Recently, my brother was diagnosed with high blood pressure and diabetes. This illness has been a hard wake up call for him. And because he needs to keep his health in check, Rod took Greg back to Mom’s house for a couple hours of sleep around 2am, away from the stress of the ICU. When Greg arrived bleary eyed that morning at 8:45am, he said good morning to Mom and then I whisked him out of the room so I could prepare him for what to expect. I needed Greg to wrap his arms around the fact that just one week ago, he’d taken Mom to dinner, laughed over whatever jokes they shared, but now, she was lying in a bed, her body unable to keep her alive.

He swallowed hard. Just then, the text tone from my sister filled the tiny room. It was the top of the hour and the reading for Mom’s current blood pressure was in. 93/46. I calmly stood up, shared a sad look with Rock, and told Greg that we needed to go back in.

Once inside her room, her heart rate spiked to 174 and didn’t drop. She was in respiratory failure. Her heart was trying to fight, but she couldn’t breathe. This is what the body does.

Sandy was wrapped around the left side of Mom’s body, holding her hand, petting her brow, crying. Greg was holding Mom’s right hand, stroking her arm, crying. I moved between the two of them and Mom’s feet. I felt detached from the process of dying. I became very calm.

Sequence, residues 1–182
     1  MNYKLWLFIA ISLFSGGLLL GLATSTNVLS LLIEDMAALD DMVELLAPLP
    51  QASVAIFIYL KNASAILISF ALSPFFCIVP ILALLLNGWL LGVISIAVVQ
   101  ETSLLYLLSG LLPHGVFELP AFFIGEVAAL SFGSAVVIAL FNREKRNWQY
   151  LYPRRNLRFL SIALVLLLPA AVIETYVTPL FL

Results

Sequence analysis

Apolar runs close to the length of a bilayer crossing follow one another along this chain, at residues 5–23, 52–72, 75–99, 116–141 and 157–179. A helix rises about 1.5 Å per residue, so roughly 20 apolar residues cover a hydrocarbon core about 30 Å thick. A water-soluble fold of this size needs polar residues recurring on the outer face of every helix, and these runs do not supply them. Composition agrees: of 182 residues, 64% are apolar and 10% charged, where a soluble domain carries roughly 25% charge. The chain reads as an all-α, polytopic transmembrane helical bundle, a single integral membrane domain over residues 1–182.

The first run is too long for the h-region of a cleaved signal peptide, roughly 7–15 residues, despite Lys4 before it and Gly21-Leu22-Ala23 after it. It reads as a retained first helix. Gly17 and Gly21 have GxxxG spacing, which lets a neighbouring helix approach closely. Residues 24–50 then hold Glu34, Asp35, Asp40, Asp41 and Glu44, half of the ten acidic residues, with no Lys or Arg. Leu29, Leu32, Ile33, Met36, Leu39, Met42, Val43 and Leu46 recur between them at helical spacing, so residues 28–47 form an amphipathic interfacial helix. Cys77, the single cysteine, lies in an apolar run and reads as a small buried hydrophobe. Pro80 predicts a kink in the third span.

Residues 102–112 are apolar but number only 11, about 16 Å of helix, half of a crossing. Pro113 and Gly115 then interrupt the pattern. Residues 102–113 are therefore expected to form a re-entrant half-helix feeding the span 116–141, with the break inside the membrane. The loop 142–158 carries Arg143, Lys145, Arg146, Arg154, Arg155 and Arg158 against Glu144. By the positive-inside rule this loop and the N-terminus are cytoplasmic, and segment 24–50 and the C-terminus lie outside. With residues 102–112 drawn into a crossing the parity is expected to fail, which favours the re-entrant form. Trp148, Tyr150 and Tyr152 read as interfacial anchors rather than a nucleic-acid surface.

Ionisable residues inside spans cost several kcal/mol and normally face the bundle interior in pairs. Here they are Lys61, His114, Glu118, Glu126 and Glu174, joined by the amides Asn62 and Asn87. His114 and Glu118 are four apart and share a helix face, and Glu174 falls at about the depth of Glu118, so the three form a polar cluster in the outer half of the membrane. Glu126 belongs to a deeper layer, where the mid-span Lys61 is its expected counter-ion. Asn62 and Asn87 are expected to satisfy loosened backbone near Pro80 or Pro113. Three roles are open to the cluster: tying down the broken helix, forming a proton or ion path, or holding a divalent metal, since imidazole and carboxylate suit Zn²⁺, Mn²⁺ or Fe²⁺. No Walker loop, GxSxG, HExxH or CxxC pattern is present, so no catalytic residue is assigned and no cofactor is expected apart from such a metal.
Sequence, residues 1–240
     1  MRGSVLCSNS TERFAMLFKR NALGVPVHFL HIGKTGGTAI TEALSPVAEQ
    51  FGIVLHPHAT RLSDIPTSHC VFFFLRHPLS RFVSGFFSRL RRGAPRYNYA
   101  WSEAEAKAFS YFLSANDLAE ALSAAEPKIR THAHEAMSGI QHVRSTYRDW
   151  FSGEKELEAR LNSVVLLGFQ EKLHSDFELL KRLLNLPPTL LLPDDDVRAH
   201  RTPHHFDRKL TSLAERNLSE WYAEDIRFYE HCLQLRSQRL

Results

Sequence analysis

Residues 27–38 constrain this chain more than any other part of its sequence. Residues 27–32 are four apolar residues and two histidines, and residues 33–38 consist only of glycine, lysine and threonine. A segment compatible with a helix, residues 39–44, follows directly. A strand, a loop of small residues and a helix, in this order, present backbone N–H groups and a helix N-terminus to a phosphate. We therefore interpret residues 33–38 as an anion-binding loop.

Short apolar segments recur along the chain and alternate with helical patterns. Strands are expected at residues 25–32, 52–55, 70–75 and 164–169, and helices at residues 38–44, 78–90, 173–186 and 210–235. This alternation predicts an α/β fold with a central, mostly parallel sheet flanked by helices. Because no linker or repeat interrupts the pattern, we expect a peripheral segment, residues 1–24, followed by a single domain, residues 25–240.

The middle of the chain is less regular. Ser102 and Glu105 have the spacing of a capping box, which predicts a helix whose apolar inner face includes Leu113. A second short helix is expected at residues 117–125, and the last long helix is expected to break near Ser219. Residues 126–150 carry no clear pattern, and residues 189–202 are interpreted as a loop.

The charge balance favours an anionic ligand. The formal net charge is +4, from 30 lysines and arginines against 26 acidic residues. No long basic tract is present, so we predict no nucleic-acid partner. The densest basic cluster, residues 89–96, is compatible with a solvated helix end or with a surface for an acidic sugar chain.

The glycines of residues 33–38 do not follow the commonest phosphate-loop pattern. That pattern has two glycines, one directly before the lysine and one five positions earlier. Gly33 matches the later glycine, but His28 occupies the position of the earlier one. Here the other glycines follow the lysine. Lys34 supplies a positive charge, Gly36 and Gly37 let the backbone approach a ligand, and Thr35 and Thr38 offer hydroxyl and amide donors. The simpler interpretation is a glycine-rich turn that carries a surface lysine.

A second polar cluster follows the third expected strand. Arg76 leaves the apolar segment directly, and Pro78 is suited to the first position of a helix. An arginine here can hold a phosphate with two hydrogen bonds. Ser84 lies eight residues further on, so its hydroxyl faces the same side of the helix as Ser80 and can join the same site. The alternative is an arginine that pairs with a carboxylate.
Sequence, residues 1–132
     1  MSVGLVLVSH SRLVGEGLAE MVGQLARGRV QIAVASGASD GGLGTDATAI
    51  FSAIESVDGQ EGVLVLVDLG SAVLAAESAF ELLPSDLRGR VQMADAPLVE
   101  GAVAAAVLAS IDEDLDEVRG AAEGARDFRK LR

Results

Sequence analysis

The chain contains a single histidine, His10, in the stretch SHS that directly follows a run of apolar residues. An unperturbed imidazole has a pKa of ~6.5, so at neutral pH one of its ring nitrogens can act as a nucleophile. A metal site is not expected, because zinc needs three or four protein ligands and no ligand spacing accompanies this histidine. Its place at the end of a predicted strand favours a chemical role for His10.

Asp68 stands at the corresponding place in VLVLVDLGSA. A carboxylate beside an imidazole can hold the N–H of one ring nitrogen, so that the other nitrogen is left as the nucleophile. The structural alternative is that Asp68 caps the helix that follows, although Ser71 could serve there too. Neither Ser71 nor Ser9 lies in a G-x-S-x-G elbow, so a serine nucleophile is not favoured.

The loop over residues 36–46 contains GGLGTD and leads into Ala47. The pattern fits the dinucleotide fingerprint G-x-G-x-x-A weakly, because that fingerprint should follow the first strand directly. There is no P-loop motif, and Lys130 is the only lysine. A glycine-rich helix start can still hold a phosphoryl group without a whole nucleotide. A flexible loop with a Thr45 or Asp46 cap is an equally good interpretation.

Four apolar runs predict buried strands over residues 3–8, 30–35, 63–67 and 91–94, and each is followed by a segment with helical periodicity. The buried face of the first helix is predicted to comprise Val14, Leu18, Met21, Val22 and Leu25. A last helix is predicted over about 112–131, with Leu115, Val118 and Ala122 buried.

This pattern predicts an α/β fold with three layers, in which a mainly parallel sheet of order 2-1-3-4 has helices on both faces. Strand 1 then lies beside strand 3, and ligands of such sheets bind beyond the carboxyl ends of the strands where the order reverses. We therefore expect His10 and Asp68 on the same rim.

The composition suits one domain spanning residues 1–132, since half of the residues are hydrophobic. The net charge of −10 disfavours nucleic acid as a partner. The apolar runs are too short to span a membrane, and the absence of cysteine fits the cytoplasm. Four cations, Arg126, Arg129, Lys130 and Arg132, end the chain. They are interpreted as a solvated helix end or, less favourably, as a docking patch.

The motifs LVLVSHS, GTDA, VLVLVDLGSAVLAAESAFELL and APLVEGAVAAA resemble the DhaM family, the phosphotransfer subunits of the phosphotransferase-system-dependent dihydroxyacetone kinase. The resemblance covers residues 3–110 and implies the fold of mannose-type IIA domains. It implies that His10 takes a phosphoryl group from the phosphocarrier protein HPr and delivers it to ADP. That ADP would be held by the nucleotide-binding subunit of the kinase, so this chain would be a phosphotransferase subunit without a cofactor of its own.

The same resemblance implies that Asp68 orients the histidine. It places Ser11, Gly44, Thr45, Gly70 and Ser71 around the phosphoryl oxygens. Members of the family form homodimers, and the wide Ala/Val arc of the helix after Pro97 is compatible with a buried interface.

I told them both that the time was now to say anything to her that needed to be said. That we should tell Mom it’s okay to go, that we will be fine. We all did, through sobs and sorrow – unable to believe this was really happening.

Within 20 minutes of Greg and I walking back into her room, she was gone. It was then that I fell to my knees in her room, crying uncontrollably. I’d lost my mother.


That evening, as the sun set, an amazing hue of blues, pinks, and purples filled the sky. It was an absolutely gorgeous sight. My family and I talked about this at a family dinner a couple of days later. We knew what it meant. Mom, in all her spectacular vibrancy, was making her unique impact on the heavens.

There’d be many, many more opportunities to cry like I’ve never cried before since then. Each time feels like the first time. Each time I cry, I feel the loss of my mother so acutely, I want to come undone. She is gone…

Over oysters - Aug 2010

Over oysters – Aug 2010


6 Responses to “She is gone…”

  1. Kindred_Hearts January 26, 2014 at 11:34 am #

    I see her in your eyes.

    • Lisa January 26, 2014 at 8:17 pm #

      Thank you sweetie. 🙂

  2. themompreneur2013 January 26, 2014 at 1:02 pm #

    Even do you can’t never prepare for death It was a good idea to read up as much as you can to help your brother and sister to better understand the situation.Sorry for lost

    • Lisa January 26, 2014 at 3:58 pm #

      Thanks dear, and even with all the research, I still wasn’t fully prepared for what we witnessed.

  3. Thats what she said... January 28, 2014 at 5:55 pm #

    This post is so painfully beautiful. I’m so sorry for your loss.

    • Lisa January 29, 2014 at 9:20 am #

      Thank you – I like that term “painfully beautiful” – it really does describe the experience.